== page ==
Though more people around the world are going online than ever before, almost two-thirds of them live in areas where the government has taken steps to limit freedom on the internet, a study found.
Less than a quarter of worldwide internet users have access to a “free” internet, while 64 percent reside in countries where the internet is designated as “partly free” or “not free,” according to the 2017 Freedom of the Net report by independent watchdog group Freedom House. Citizens in 32 of the 65 countries analyzed in the report saw their online freedom decline from last year, including the United States.
Researchers assessed countries’ internet freedom based on three broad categories: obstacles to access, restrictions on content, and violations of user rights. Scores range from 0 to 100, with lower scores meaning greater freedom. The countries included in the report encompass roughly 87 percent of the global internet population.
Estonia and Iceland—each with a score of 6—tied for the world’s most free internet for the second year in a row. The U.S. scored 21, tying Australia for fifth overall behind Canada (15) and Germany (20). China remains the worst abuser of internet freedom with a score of 87, closely followed by Syria (86), Ethiopia (86) and Iran (85).
Internet freedom declined worldwide for the seventh year in a row as governments ramped up efforts to censor online content and manipulate social media to control online discussion. Researchers found that restricting mobile internet connectivity, waging cyberattacks against critics, and physically attacking online dissidents were among the most common tactics used by governments to silence opposing views.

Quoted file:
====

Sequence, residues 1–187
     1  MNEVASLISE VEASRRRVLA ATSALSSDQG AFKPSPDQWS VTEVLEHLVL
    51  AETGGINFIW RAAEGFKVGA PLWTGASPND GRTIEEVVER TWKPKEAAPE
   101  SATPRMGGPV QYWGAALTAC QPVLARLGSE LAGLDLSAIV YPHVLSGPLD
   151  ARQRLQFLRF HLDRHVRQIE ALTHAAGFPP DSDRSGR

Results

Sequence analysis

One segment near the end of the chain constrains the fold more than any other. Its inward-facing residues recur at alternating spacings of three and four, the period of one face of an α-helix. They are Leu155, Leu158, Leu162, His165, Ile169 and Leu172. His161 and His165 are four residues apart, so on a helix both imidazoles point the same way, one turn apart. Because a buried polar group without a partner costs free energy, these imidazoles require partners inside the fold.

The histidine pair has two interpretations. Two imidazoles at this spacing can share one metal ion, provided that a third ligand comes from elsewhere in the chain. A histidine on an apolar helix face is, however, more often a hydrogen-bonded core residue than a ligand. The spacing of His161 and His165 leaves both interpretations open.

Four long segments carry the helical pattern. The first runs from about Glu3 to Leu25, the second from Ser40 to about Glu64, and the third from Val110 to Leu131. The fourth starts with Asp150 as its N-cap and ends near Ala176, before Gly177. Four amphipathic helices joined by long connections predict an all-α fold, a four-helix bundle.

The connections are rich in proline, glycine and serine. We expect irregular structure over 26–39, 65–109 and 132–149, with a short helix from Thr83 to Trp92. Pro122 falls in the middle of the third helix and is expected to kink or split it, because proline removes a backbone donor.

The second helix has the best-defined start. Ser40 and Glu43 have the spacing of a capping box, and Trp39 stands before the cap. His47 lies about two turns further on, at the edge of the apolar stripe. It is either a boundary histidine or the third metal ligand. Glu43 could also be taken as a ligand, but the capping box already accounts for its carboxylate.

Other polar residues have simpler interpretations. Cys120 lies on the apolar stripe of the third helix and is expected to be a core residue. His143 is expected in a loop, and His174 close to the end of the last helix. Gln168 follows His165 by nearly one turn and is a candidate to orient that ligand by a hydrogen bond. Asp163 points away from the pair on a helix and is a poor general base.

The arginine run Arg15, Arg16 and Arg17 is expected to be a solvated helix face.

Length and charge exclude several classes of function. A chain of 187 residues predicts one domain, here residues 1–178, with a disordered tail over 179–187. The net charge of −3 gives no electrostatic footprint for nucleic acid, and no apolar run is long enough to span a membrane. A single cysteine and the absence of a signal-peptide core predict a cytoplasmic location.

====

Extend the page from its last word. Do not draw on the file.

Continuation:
In addition to using social media to spread propaganda to citizens, governments have taken to online platforms to interfere with elections in at least 18 different countries between June 2016 and May 2017, including the 2016 U.S. presidential race, researchers found.
“The use of paid commentators and political bots to spread government propaganda was pioneered by China and Russia, but has now gone global,” said Michael J. Abramowitz, president of Freedom House. “The effects of these rapidly spreading techniques on democracy and civic activism are potentially devastating.”
Many countries have also taken steps to limit citizens’ online privacy by increasing restrictions on virtual private networks and encryption. Encryption became a point of contention between the U.S. government and the tech industry in the aftermath of the San Bernardino shooting, when the FBI demanded Apple help crack the encrypted iPhone used by shooter Syed Farook.
While Apple refused to build the backdoor, many have speculated the recent shooting at a church in Sutherland Springs, Texas, will relaunch the debate as the FBI attempts to break into the cellphone used by attacker Devin Patrick Kelley.
"Encryption scrambles data so that it can only be read by the intended recipient, offering an essential layer of protection for activists and journalists who need to communicate securely," the report read. "But even democratic governments often perceive it merely as a tool to shield terrorist and other criminal activity from law enforcement agencies."
U.S. law enforcement officials say they support encryption generally but are concerned about end-to-end encryption, which shields communication contents even from the company supplying the communication service. Privacy advocates say any attempt to weaken encryption makes Americans less secure.